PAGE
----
April 22, 1993




IN RE: Karl Idsvoog/Office of the Kenton County Attorney






This matter comes to the Attorney General on appeal from the actions of the Office of the Kentucky County Attorney relative to Mr. Karl Idsvoog's April 2, 1993, request to inspect certain financial records in the County Attorney's custody. Mr. Idsvoog is the Special Projects Producer for WCPO-TV in Cincinnati, Ohio, and his request was made under the Kentucky Open Records Law.


On April 6, 1993, Mr. John R. Elfers, Kenton County Attorney, responded to Mr. Idsvoog's request, advising him that the records would be made available to him during the week of April 12, 1993, in Mr. Elfers' office. He directed Mr. Idsvoog to contact Ms. Tara McKinley, Office Supervisor in the Kenton County Domestic Relations/Child Support Division, during the week of April 12 to schedule an appointment.


Ms. McKinley subsequently advised Mr. Idsvoog that Mr. Elfers had instructed her to explain to him that he would be permitted to inspect the requested records only when she was available to oversee his review. On April 13, the date scheduled for inspection, Ms. McKinley was only available to monitor his inspection of the records for 45 minutes.


In his letter of appeal to this Office, Mr. Idsvoog acknowledges that he has not been denied access to the records,

but argues that the County Attorney's Office has placed "restrictions on access that make it difficult to inspect the records." It is his position that the Open Records Law does not require that a staff member oversee inspection of public records, and that by restricting his right of access to those times when a staff member is available the County Attorney has violated the law. Mr. Idsvoog urges this Office to issue a decision consistent with these views.


We are asked to determine if the Office of the Kenton County Attorney subverted the intent of the Open Records Law short of denial of inspection by imposing unreasonable restrictions on Mr. Idsvoog's right of access to the requested records. For the reasons set forth below, and assuming the facts of this case to have been fairly and accurately presented, we conclude that the County Attorney subverted the law in contravention of KRS 61.872.


KRS 61.872(3)(a) provides that a person may inspect public records during the regular office hours of the public agency. This Office has consistently recognized that any attempt by a public agency to limit the period of time within which a requester may inspect public records places "an unreasonable and illegal restriction" upon the requester's right of access. OAG 80-641, p. 3; OAG 82-396; OAG 87-54; 93-ORD-39. If, in fact, Mr. Elfers requires as a precondition to the right of inspection the presence of an employee of his office, and that employee is not available to oversee the review of documents during all regular office hours, he has in effect restricted access to public records in contravention of KRS 61.872(3)(a).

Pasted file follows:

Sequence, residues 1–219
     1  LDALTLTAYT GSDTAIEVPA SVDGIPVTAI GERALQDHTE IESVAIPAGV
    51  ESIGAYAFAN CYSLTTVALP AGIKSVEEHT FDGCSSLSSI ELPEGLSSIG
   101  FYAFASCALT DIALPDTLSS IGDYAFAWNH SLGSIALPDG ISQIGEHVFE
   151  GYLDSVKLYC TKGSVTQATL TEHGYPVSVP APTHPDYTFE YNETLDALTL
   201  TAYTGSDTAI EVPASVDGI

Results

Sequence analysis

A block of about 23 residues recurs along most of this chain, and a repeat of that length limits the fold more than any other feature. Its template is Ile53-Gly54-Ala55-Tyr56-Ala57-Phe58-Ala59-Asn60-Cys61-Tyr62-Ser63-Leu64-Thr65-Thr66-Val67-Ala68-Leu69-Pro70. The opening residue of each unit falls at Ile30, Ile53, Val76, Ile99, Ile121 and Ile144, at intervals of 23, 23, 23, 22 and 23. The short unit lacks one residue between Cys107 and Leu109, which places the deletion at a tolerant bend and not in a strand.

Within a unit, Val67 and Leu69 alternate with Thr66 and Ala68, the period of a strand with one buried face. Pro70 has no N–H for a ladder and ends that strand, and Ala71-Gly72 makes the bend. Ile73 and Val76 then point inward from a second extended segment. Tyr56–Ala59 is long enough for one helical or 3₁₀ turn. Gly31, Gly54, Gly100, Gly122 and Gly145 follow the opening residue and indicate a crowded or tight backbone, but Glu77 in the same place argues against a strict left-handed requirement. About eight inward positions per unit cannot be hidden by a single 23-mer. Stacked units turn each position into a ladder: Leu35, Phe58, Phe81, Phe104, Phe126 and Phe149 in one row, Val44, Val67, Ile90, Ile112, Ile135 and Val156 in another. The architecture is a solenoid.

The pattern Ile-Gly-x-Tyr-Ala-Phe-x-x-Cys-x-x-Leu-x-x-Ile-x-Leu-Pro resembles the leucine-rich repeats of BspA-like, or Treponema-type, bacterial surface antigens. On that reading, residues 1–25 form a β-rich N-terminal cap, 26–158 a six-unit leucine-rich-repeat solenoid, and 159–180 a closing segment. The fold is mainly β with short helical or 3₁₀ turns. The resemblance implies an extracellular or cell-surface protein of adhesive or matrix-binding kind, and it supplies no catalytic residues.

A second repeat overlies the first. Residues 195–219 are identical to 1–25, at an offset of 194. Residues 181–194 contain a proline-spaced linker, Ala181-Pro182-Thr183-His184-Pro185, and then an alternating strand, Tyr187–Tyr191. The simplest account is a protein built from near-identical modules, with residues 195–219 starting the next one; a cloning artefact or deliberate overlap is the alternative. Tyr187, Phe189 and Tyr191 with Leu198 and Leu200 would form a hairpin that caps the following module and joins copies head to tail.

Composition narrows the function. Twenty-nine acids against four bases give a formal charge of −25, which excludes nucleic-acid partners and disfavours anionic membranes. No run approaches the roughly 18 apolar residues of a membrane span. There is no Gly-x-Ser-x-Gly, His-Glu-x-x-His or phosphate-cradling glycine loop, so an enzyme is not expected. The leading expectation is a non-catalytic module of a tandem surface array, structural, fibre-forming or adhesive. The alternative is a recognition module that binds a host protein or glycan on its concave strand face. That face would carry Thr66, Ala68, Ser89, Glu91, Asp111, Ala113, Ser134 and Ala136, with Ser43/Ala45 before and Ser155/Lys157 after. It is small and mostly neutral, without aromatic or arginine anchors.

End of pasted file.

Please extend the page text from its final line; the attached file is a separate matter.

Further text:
KRS 61.876(1) requires a public agency to adopt rules and regulations "in conformity with the provisions of KRS 61.870 to 61.884 to provide full access to public records, to protect public records from damage and disorganization, [and] to prevent excessive disruption of its essential functions . . . ." While this provision does not expressly permit a public agency to appoint an employee to oversee the review of its records, we believe that such a policy is consistent with the agency's grant of authority to protect its records and prevent excessive disruption of its essential functions. Nevertheless, we do not believe that the policy can be used to limit the number of hours during the regular work day when a requester may inspect records. Nor do we believe that the employee designated to oversee the requester's review may interfere or disrupt his or her inspection of the records.

See, e.g., 93-ORD-39 (holding that a city manager's abusive conduct directed at requester while he was reviewing records created a hostile atmosphere which rendered the facilities provided by the city unsuitable for inspection).


We therefore conclude that although the Kenton County Attorney may require the presence of an employee to oversee inspection of his Office's records, he cannot abuse the policy such that the requester's right of access is unduly restricted in contravention of KRS 61.872(3)(a). Mr. Elfers is directed to permit Mr. Idsvoog to inspect the requested records immediately and continuously until his review is completed.


The Office of the Kenton County Attorney may challenge this decision by initiating action in the appropriate circuit court pursuant to KRS 61.880(5) and 61.882.













Distributed to:


Hon. John R. Elfers

Office of the Kenton County Attorney

Room 304, City County Building

Covington, KY 41011


Mr. Karl Idsvoog

Special Projects Producer


500 Central Avenue

Cincinnati, Ohio 45202